E4: Bryan Young: Music as a Universal Language
Brendan is joined by Bryan Young, touring bassoonist and co-founder of the Poulenc Trio, for a conversation about his experiences as a Black classical musician and tech entrepreneur, the ways he was initially discouraged from pursuing classical music, and his experiences with the criminal justice system (and how music may have literally saved his life).
MORE ABOUT BRYAN YOUNG:
Bryan tours the US and internationally as bassoonist and co-founder of the Poulenc Trio. Bryan serves as the principal bassoonist of the Baltimore Chamber Orchestra and is a member of the IRIS Orchestra in Memphis. Bryan studied at the Peabody Conservatory with Linda Harwell and at Yale with Frank Morelli. A winner and finalist in competitions including the Gillet International Bassoon Competition and the ARD International Music Competition in Munich, Bryan has performed as soloist with the Baltimore Symphony and the National Symphony Orchestra. The Washington Post writes that his playing ‘dances with a lightness and grace uncommon for his instrument,’ and the Baltimore Sun has praised his ‘particularly beautiful playing, technical agility and understated elegance.’
As a musical collaborator and chamber musician, Bryan has toured and performed with violinist Hilary Hahn, clarinetists Anthony McGill, Alexander Fiterstein, and David Shifrin, soprano Hyunah Yu, Guggenheim-winning poet Lia Purpura, and appeared with legendary jazz-leader Cab Calloway in his final performances at the Kennedy Center in Washington. Bryan has premiered new works written for him by composers Octavio Vazquez, Steven Gerber, Thomas Benjamin and David Fetter, in addition to more than 25 new works he co-commissioned and premiered with the Poulenc Trio. Bryan was selected by the International Double Reed Society to premiere To Earth by composer Roydon Tse, a work commissioned to celebrate the organization’s 50th anniversary.
Bryan has served on the faculty at Morgan State University. He has been invited as featured lecturer and given masterclasses and workshops at NYU, Princeton, Tulane, Loyola University, Ohio State University, Rutgers, Brigham Young University, University of Texas, University of Arizona, University of Georgia, University of Kentucky, San Francisco State University, Regents University, MD Institute College of Art (MICA), and Towson University. He is a recipient of the Yale Alumni Ventures Grant and the UNCF Award for Excellence.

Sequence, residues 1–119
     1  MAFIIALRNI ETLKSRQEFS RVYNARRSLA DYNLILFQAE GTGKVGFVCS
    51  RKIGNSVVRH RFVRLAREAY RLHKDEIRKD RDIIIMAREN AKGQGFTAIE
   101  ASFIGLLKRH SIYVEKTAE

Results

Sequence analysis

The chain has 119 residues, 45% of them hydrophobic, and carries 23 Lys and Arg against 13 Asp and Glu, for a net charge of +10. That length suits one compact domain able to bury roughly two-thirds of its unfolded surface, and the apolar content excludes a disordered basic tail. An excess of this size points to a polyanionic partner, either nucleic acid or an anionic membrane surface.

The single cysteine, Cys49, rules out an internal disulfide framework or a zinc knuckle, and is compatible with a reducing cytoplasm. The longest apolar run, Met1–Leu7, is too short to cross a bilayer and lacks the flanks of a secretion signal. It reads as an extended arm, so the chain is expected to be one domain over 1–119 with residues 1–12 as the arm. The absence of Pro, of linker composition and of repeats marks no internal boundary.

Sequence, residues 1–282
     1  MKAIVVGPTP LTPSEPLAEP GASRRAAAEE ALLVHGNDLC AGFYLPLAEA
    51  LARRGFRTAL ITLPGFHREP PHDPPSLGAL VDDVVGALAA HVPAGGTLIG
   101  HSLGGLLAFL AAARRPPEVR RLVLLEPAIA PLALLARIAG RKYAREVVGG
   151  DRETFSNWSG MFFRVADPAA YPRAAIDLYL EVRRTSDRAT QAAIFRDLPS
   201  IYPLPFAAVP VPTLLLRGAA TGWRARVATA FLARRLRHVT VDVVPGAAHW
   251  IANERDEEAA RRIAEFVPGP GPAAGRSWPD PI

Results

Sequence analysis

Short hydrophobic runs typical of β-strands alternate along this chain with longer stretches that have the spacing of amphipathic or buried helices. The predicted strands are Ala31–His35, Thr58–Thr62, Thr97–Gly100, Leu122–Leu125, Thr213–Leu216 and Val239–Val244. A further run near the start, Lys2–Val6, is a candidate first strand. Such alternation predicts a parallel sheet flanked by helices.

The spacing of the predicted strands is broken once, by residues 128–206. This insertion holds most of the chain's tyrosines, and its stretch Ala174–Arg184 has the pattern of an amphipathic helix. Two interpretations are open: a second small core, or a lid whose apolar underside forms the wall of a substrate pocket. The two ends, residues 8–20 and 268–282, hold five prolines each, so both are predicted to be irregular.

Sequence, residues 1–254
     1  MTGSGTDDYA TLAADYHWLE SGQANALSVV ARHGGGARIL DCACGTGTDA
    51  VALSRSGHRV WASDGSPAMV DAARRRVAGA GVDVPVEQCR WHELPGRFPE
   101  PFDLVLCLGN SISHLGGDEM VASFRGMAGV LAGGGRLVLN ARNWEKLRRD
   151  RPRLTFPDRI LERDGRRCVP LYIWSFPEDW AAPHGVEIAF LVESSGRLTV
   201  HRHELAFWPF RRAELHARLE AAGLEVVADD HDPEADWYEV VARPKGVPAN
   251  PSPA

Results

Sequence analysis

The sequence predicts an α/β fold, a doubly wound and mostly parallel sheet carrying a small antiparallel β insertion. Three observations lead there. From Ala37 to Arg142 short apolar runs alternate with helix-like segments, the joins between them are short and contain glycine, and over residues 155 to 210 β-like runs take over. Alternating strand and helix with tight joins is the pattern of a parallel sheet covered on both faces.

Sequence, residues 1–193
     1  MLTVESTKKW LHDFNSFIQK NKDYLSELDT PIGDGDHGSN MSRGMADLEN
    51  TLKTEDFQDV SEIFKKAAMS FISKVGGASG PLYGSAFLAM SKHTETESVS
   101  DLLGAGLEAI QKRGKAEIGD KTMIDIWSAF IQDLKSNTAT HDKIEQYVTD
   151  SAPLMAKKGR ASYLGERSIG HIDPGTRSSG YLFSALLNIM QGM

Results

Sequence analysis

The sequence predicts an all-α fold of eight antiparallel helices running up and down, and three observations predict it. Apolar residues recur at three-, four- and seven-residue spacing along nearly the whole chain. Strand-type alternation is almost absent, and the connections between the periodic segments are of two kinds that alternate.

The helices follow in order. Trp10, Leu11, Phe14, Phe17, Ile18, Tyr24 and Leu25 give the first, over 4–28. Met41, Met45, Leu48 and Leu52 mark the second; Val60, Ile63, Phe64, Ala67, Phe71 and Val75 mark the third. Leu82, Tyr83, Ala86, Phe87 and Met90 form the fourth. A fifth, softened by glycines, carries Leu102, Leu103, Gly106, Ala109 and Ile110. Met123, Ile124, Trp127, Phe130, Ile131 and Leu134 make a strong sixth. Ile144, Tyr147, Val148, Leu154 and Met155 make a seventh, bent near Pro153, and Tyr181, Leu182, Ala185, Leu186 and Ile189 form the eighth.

In addition to his musical activities, Bryan founded Intertwine Systems, a healthcare focused software company. At Intertwine, Bryan was featured on the front page of the Baltimore Business Journal as a “mobile software entrepreneur to watch”. As a technologist, Bryan worked with the State of Maryland in collaboration with the University of Maryland and the Alvin Toffler Institute to develop iPad-based software for cardiologists, and with the Johns Hopkins School of Medicine in conjunction with the government of Trinidad and Tobago to develop new research tools for endocrinologists. Bryan served as a partner at SailTime, a global recreational sailing company, chief technologist at JobJybe, an Austin-based startup focused on business communications, and as Director of Connected Healthcare Solutions for Asymmetrik, a Maryland-based software company. Currently, Bryan is Principal Group Leader for Advanced Health Analytics and Artificial Intelligence at MITRE, the United States’ Federally-Funded Research and Development Center (FFRDC) for Health.
Bryan is President of the Board of the Candlelight Concert Society, is a Vice President of the board of Chamber Music America, and a board member at Boulanger Initiative. He is a frequent guest commentator on Maryland's WBJC-FM radio show, Face the Music.
More about The Violin Conspiracy
Most classical musicians are white, wealthy, privileged. Not Ray: he’s Black and comes from a single-family household, with a self-centered mother who actively blocks Ray’s aspirations. Only his Grandma Nora seems to care about his love for music. She gives him her old family treasure – a beat-up fiddle that hasn’t been played in eighty years. Ray confronts rampant discrimination from an establishment that believes that Black people cannot emotionally understand the music of dead white Europeans: Blacks should stick to hip hop, Gershwin, and jazz. A college music scholarship, and a professor’s mentorship, nurture Ray’s extraordinary talent and unstoppable ambition.
Then Ray discovers that Grandma Nora’s ancient violin is actually a rare and unique instrument that can take his playing to an entirely new level. The resulting media frenzy catapulted him into a solo violinist’s career. His star rises, but with success comes heartbreak: two lawsuits threaten to rip the violin away from him. In the first, his family claims that the instrument is rightfully theirs; in the second, the slaveholder family of his ancestors declare that Ray’s great-grandfather stole the violin from them. The two claims intertwine. Desperate to keep the violin, Ray makes a bargain that will have far-reaching and devastating consequences.
And then someone - his family? The slaveholder family? The mafia? - steals the violin. Ray has a month to raise five million dollars to pay the ransom before the Tchaikovsky Competition - classical music’s version of the Olympics - begins, and before the violin disappears forever.
In Moscow, under the glaring lights of musical stardom, Ray will not only compete but will also discover what happened to the violin that means everything to him.
For more information, visit the official website.